Under the right conditions Scrum can be a tremendous success story, but it often requires hard work to get there. For new Scrum teams it means learning to fundamentally work very differently than they are used to, such as relying on a lot more collaboration, making and delivering on shared commitments and building a high degree of trust. For existing Scrum teams it means constantly renewing the team commitment to each other, the cause, and to the Scrum framework.
This includes the rather painful practice of revisiting the fundamentals and ensuring any deviations from accepted processes or practices were for the right reasons and had the right results. To have a chance at achieving high performance a new-to-Scrum team will not only need to just change their processes, but fundamentally change the culture and behavior of the team and all of the supporting roles (that includes their leadership).
Meanwhile, a mature or well-established team should never assume they are high performance; they should always be checking (and rechecking) that they are still living the Agile values. Needless to say this can become an extremely complex challenge! To be absolutely clear, I’m not proposing there is a single formula or recipe that works, but I do believe certain criteria can dramatically improve your Scrum team’s chances of success. To that end here are 10 tips (plus a bonus) that may help you focus your efforts towards building a successful Scrum team and experience.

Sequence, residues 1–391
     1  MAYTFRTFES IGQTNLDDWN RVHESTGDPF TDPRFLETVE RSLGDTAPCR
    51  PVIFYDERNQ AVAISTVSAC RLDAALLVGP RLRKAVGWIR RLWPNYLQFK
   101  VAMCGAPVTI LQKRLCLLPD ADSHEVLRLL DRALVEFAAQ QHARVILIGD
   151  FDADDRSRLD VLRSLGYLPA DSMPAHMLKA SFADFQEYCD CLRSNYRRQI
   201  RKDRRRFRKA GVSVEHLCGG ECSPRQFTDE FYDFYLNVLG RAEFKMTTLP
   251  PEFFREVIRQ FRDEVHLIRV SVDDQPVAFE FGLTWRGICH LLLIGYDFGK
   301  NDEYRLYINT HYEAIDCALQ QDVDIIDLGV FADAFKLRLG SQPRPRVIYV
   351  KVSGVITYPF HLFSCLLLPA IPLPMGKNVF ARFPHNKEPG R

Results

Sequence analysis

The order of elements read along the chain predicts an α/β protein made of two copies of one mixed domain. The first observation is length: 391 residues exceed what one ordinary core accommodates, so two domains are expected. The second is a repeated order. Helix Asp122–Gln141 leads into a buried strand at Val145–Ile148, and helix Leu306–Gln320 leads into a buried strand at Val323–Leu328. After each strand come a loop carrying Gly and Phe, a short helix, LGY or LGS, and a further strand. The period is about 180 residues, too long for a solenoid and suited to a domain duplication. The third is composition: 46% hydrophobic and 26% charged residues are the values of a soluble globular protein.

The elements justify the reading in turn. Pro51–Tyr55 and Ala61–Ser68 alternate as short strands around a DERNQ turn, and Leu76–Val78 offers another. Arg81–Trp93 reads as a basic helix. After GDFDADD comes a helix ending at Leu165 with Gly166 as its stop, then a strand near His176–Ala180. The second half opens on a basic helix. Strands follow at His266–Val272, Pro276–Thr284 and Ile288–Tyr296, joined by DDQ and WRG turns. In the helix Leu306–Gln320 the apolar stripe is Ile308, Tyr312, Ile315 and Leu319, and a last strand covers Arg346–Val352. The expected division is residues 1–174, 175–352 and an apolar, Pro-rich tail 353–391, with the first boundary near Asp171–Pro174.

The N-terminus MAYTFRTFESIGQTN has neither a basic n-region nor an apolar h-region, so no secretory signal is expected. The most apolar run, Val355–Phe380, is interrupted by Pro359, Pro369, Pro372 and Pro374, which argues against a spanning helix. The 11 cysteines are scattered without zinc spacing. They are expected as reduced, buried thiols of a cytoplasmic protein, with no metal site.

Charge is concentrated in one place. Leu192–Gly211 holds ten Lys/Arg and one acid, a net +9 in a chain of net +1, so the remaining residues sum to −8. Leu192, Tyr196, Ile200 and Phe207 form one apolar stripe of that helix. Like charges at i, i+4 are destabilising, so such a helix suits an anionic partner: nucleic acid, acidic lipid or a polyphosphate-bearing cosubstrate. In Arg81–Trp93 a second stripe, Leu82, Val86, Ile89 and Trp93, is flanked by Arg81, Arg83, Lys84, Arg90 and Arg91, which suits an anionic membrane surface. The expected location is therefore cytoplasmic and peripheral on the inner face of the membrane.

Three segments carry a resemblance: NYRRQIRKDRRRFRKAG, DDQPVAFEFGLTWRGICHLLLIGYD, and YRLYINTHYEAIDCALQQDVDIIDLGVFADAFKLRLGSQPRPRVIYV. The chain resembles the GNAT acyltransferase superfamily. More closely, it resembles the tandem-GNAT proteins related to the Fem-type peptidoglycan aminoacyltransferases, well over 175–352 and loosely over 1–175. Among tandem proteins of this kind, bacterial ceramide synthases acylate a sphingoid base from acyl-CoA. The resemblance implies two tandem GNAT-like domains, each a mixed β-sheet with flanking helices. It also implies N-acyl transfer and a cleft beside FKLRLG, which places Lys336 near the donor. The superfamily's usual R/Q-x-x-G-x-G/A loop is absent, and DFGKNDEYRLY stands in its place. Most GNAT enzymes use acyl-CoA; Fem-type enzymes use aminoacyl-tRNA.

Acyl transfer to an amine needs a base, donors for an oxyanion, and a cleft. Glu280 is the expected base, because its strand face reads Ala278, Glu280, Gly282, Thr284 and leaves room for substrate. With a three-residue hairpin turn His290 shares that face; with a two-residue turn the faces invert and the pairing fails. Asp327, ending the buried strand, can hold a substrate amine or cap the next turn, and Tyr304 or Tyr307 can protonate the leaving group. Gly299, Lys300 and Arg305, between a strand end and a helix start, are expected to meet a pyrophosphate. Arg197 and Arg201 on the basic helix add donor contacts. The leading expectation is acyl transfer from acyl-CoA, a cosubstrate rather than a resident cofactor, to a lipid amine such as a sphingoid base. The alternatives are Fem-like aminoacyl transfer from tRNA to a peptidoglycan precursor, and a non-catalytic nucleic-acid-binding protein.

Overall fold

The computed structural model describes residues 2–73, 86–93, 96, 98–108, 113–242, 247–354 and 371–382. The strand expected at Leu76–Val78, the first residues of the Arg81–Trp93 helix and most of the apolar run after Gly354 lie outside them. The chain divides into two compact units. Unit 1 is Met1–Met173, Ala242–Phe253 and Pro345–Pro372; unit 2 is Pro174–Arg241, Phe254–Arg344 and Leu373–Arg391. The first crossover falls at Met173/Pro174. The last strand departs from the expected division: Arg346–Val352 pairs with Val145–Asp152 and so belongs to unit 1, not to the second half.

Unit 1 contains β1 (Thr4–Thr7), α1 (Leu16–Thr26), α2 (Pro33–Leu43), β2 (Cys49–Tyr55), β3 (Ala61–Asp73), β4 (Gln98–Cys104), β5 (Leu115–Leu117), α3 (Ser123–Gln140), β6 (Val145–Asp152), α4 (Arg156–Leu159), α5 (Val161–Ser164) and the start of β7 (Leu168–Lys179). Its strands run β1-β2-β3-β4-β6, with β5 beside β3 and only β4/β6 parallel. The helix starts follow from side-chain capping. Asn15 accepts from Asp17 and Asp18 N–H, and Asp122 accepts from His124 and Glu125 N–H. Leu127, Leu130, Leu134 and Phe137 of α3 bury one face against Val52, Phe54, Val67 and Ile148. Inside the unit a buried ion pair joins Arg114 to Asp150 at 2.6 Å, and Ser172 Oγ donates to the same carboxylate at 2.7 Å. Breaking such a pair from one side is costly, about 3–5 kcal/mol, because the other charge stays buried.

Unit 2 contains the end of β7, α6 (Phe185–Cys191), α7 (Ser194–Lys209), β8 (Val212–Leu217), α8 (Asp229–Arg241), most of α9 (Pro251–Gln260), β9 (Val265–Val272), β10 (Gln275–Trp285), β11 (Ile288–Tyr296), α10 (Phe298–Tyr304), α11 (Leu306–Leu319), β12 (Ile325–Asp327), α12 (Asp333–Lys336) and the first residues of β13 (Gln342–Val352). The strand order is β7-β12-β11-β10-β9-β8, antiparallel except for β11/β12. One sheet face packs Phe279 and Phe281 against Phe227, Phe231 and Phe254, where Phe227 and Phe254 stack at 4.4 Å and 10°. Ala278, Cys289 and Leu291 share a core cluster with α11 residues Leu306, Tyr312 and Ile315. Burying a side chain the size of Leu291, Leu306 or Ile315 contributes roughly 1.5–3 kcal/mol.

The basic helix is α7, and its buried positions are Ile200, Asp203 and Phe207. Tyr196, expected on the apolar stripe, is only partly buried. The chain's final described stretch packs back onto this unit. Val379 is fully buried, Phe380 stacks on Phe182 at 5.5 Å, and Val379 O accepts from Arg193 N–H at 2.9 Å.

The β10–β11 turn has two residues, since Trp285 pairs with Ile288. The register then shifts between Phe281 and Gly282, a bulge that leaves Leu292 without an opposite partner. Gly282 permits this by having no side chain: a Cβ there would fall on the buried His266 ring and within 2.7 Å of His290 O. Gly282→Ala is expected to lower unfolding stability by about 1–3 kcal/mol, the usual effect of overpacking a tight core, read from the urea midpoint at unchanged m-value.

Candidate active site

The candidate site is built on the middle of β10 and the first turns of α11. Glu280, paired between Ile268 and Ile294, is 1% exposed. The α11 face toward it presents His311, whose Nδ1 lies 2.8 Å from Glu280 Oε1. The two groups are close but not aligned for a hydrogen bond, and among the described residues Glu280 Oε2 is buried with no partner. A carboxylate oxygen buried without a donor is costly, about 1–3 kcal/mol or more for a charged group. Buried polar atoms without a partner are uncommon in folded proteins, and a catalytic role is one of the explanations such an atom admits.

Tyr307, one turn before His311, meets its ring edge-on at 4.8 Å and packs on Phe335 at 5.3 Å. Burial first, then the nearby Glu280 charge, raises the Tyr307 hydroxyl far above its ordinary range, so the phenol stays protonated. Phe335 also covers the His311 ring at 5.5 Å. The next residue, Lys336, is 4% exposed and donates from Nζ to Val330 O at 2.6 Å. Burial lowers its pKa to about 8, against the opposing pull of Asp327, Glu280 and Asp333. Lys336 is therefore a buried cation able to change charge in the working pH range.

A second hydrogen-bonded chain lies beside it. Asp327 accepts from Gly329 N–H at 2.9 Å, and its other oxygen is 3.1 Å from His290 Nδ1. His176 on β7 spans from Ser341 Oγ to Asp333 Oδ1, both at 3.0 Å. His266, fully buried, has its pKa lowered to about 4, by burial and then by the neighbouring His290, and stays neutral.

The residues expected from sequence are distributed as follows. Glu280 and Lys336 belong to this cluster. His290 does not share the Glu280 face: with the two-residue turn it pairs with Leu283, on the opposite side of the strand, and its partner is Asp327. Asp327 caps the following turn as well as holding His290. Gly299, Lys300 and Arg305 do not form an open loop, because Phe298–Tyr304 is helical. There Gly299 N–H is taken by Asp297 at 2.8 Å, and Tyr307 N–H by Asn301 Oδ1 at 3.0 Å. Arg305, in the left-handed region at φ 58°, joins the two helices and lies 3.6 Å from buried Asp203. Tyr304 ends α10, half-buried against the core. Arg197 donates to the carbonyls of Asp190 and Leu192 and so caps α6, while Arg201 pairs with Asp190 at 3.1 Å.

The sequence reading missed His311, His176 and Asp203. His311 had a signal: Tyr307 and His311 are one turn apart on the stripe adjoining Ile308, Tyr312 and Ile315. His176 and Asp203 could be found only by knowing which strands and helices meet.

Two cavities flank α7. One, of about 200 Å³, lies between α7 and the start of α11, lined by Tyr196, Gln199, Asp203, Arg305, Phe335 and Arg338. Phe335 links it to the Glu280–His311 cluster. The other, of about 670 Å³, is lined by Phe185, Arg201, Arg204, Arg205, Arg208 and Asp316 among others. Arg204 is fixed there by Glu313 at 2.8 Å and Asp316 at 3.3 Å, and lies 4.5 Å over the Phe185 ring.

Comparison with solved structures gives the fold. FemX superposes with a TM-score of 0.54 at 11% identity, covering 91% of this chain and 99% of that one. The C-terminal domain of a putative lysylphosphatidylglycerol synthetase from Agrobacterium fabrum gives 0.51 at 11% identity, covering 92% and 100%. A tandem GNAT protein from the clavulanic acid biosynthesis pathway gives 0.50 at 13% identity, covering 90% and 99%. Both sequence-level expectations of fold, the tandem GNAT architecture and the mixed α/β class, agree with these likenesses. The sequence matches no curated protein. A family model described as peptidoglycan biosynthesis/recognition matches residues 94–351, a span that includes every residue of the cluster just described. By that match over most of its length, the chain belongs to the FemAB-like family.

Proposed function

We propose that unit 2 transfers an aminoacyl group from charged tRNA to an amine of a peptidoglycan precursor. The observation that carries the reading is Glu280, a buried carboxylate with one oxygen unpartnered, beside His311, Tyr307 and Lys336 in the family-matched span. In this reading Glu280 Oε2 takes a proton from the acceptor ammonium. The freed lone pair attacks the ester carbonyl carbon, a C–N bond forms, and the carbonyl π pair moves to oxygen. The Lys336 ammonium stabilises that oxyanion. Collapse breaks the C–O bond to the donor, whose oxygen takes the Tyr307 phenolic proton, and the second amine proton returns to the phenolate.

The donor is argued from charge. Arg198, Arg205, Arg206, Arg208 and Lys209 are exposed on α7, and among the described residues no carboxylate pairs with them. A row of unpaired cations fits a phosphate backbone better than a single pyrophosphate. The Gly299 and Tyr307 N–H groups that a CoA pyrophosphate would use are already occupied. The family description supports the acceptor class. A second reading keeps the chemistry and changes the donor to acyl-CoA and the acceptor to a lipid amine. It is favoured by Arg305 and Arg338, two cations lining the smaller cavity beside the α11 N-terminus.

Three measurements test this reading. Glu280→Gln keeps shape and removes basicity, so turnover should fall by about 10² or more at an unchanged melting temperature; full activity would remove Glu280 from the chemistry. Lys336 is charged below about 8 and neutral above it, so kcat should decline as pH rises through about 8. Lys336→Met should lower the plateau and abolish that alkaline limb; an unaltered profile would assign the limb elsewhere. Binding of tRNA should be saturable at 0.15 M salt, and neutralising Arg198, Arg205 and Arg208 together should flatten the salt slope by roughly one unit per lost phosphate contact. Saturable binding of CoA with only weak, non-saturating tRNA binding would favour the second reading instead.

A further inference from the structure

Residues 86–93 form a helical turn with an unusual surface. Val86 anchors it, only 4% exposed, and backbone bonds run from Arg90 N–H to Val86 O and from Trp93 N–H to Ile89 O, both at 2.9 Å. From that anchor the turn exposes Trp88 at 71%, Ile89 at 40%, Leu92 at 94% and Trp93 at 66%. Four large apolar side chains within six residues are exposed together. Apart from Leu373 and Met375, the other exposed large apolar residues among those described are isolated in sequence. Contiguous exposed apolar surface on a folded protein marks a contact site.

One of aspects of a successful Scrum-driven project is having the right number or team members and well defined roles.
Currently the Scrum Guide recommends that Scrum teams will work best with three to nine people, not including the Scrum Master and Product Owner. Enter your project dashboard, scroll down to Team Member and clic on the Add button to start adding people to your project. If you run out of users, Herogami provides you with a shortcut to create a new user and have it allocated immediately to the project team.
Herogami provides you with four team roles on your project, all with different privileges, roles and visibility on the project content.
Owner: that’s the product owner (and often the Scrum Master too) which controls the project
Developer: a developer consumes stories or issues and creates them as well
Tester: you can identify a given member as a tester too
Guest: this user will only see public content of the project, aka every single item on Herogami, from stories to issues, from documents to wiki articles and even calendar events can be marked as private. As such, only the team members see them, therefore they are invisible to guests.
Having issues marked as private and being therefore invisibile to guest members provides lots of advantages. First and foremost you give your team the ability to track every critical aspect of the project, every complex story and especially complex or blocking issues on Herogami without guests knowing about it.
In a scenario where the development team invites a few people from the customer’s staff and register them as guests, the benefits are obvious: the team handles the most internal issues by keeping them private and let their customer focus on highly visibile ones.